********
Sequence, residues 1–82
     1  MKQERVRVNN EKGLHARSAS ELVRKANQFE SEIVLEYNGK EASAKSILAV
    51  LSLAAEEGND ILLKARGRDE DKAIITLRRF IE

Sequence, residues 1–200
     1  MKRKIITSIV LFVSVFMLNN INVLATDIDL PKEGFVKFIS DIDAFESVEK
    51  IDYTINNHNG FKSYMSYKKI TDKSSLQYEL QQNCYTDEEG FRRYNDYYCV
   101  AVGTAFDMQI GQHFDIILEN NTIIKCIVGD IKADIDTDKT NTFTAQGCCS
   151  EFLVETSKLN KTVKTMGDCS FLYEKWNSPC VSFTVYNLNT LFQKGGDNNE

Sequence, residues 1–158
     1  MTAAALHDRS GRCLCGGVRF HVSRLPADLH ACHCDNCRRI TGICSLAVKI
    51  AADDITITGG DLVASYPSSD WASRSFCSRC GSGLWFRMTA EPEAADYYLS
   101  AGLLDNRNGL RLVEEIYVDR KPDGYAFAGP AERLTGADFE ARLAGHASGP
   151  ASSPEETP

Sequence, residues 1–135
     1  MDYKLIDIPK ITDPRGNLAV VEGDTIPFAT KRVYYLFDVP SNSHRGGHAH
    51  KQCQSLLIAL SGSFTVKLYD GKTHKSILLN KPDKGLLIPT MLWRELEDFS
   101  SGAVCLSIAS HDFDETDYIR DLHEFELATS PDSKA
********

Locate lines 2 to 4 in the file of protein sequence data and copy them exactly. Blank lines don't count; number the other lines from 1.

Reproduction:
     1  MKQERVRVNN EKGLHARSAS ELVRKANQFE SEIVLEYNGK EASAKSILAV
    51  LSLAAEEGND ILLKARGRDE DKAIITLRRF IE

Sequence, residues 1–200